Grateful Dead

Greatest Stories Ever Told - "Bertha"

By David Dodd

Here’s the plan—each week, I will blog about a different song, focusing, usually, on the lyrics, but also on some other aspects of the song, including its overall impact—a truly subjective thing. Therefore, the best part, I would hope, would not be anything in particular that I might have to say, but rather, the conversation that may happen via the comments over the course of time—and since all the posts will stay up, you can feel free to weigh in any time on any of the songs! With Grateful Dead lyrics, there’s always a new and different take on what they bring up for each listener, it seems. (I’ll consider requests for particular songs—just private message me!)


“Bertha.” How is it that it took me 90 weeks to get to “Bertha”? I know..I have a long ways to go before the storehouse of tunes is empty. But “Bertha” is so essential, so often played, and so joyously received—at least at every show I was at—that I feel remiss.

“Bertha” is another in the group of songs that I like to think of as the unrecorded studio album—songs that never got the studio treatment. I’ve harped on this before, but I think, because it’s a favorite concept of mine, that it merits a brief re-cap. I’m referring to the post-American Beauty, pre-Wake of the Flood songs that made up a good part of the two live albums, Skull and Roses (for want of a more useable title…) and Europe ’72. This set of songs deepens and further explores the “old, weird America” of many of the songs from Workingman’s Dead and American Beauty. I love the idea that someday, maybe, they might be recorded in a studio setting as a real “album” of songs—remember that concept?

“Bertha” captures yet another of Hunter’s loveable but somehow downtrodden or down-and-out characters, defiant (“why don’t you arrest me?”) and bumbling (“ran smack into a tree…”) within the space of a song. We all have our moments, right?

“Bertha” has long suffered from what now seems to be a piece of disinformation, which might fall into the “never trust a prankster” category. From an interview cited by Alex Allan in the deadsongs conference on the WELL:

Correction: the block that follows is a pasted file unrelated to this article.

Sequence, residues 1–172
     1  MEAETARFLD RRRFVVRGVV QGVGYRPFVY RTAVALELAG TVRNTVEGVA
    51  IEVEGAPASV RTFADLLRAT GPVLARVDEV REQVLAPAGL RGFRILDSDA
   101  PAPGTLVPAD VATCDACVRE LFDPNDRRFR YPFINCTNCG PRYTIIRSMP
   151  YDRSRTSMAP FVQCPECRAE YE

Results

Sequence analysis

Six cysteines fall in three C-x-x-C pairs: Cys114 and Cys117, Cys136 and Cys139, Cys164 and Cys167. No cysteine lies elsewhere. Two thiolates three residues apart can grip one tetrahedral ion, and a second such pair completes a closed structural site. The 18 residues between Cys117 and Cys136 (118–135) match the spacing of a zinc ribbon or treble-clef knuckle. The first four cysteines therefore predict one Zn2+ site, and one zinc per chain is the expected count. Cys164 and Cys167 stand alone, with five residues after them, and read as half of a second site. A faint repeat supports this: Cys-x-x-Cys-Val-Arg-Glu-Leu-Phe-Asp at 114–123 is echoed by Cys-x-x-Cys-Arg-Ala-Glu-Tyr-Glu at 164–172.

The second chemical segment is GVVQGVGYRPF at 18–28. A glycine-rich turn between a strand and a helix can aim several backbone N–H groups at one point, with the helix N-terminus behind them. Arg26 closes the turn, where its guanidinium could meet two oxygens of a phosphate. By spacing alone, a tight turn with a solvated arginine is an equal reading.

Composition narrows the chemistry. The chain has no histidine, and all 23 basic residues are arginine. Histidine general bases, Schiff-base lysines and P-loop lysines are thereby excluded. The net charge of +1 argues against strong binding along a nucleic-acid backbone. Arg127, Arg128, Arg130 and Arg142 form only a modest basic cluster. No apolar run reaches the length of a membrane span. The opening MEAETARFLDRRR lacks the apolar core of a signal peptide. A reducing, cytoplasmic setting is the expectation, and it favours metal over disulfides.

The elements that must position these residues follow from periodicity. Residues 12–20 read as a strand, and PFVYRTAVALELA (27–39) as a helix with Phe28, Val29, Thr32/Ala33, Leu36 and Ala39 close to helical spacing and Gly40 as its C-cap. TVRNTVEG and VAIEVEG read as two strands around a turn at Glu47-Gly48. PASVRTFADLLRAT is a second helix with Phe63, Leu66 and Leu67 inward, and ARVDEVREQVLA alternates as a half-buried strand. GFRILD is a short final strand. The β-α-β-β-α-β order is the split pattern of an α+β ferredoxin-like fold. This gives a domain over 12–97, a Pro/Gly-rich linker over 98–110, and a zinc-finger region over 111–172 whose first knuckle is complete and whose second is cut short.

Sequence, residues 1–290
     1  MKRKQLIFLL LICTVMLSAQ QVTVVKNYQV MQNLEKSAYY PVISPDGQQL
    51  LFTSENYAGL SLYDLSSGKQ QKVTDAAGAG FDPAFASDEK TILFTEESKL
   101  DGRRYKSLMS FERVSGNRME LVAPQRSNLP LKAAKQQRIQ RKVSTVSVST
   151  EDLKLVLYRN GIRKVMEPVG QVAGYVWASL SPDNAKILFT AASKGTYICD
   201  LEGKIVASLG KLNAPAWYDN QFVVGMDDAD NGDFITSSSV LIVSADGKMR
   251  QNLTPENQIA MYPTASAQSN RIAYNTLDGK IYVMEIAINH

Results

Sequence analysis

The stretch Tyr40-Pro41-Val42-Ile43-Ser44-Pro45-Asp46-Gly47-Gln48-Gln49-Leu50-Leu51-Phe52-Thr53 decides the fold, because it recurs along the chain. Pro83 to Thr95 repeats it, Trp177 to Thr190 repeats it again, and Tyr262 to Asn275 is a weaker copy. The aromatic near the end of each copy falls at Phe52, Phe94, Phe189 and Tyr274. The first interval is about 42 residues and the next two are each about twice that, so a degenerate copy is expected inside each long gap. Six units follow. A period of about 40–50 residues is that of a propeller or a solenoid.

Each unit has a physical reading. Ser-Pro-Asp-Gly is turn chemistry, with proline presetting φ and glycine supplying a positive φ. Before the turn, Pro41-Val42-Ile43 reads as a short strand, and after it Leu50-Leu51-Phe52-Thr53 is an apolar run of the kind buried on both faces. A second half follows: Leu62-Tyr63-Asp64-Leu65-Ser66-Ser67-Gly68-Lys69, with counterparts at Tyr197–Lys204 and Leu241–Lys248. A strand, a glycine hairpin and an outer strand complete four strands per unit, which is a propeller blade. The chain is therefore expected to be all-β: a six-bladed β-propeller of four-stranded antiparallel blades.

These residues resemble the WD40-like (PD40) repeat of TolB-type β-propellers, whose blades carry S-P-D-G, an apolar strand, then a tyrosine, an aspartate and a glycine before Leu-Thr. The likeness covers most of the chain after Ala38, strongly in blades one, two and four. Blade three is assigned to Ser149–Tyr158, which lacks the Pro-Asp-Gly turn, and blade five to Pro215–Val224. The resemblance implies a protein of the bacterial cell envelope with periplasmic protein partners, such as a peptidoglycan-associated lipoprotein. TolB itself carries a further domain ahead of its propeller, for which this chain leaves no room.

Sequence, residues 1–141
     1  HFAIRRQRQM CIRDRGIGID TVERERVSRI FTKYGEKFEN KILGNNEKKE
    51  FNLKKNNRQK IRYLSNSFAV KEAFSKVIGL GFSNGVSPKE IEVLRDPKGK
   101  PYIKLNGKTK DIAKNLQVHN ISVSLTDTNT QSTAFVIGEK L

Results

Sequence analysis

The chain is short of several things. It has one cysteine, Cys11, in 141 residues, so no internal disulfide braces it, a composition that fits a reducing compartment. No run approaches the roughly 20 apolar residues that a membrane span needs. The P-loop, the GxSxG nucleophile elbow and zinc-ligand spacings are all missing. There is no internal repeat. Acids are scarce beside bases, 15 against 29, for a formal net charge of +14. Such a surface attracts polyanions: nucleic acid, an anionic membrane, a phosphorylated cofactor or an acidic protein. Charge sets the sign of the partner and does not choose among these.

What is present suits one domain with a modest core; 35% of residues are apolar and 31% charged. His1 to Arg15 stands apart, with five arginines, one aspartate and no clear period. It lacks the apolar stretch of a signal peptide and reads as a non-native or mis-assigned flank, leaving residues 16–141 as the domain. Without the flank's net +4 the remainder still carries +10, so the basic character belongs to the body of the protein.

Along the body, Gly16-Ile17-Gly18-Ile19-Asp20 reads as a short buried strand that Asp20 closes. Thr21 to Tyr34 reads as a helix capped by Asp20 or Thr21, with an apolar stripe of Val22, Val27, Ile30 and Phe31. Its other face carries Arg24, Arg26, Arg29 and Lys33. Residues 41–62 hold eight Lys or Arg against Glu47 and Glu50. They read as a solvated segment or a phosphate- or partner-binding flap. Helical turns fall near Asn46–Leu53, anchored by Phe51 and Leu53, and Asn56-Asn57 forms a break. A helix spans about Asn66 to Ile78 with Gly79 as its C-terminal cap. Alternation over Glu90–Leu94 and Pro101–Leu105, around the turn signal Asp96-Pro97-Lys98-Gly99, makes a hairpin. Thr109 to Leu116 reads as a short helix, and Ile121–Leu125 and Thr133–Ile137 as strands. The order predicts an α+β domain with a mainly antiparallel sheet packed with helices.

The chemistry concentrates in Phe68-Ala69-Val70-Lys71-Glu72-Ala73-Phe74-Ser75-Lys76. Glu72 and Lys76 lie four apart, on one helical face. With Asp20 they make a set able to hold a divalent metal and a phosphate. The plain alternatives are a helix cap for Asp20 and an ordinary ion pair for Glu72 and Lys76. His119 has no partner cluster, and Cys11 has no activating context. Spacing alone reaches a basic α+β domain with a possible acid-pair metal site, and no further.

Interviewer: What about Bertha? Is it true she was a fan? An electrical fan?

RH: No, this was after the fact. I don't know where that story ... I think they started calling this fan in the office that would run around and try and catch everyone and cut their fingers off. They started calling it Bertha. But no, this is not true. Bertha, I think, is probably some vaguer connotation of birth, death and reincarnation. Cycle of existences, some kind of such nonsense like that. I wouldn't be surprised, but then again, it might not be. I don't remember.

OK, so Hunter alludes, in this brief and fairly vague snippet of interview conversation, to an entirely different possibility. “Birth (‘Bertha’ pun), death, and reincarnation.”

This is one of those songs that can be listened to, and interpreted, and second-guessed at so many levels that it’s almost ridiculous. I’ve read a fairly convincing argument that the song is really a reference to Lady Chatterly’s Lover, by D.H. Lawrence. And there is a large amount of speculation about what the lines “dressed myself in green, went down unto the sea” might “mean.” So many traditions, so much folklore, about the color green!

But here’s Hunter, lending credence to one of the most obscure alternate hearings for a lyric that I know of. The couplet is “Ran into a rain-storm / Ducked into a bar door.” Many people, over the years, have mentioned to me that they have heard this in a couple of alternate ways. I myself also heard “Ducked back into Novato,” which is a town about 10 miles south of where I live which was, for awhile, home to the band. In fact, oddly enough, and contrary to every other published source, the lyrics page itself (link at the top of this post) cites the line that way. So maybe that’s got some merit.

However, the hearing that fits with Hunter’s somewhat lackadaisical statement about reincarnation is the version that reads: “ducked back into a bardo.” A bardo! This is a concept from Tibetan Buddhism that there is an intermediate state between two existences, a space between incarnations. Between lives.

In this hearing of the line, the entire song becomes transformed into the adventure of a soul on its way to a new life. Rather than get too deep into that, I’ll just offer it up for consideration.

Say it is actually a bar door that the singer ducks into. Then the song is about someone on the run from someone’s window—what could the singer have been doing at someone’s window, in a rainstorm, in unfamiliar territory (“run smack into a tree”)?

Again—kind of an interesting scenario, with a multitude of stories spinning out in every direction.

And, if it was a bar, then there’s the additional ambiguity of the lines “all night pouring, but not a drop on me,” which could be taken to refer either to the rain going on, or to the drinks being poured in the bar. In which case, if they really didn’t pour in the singer’s direction, he is perfectly ready to be tested for sobriety: “Test me, test me…”

So many different directions for thinking, from one little line and its possible variant hearings. That is exactly what I love about this stuff — it all seems true and possible and correct, depending on your own state of mind or background at the moment you are listening to or singing the song.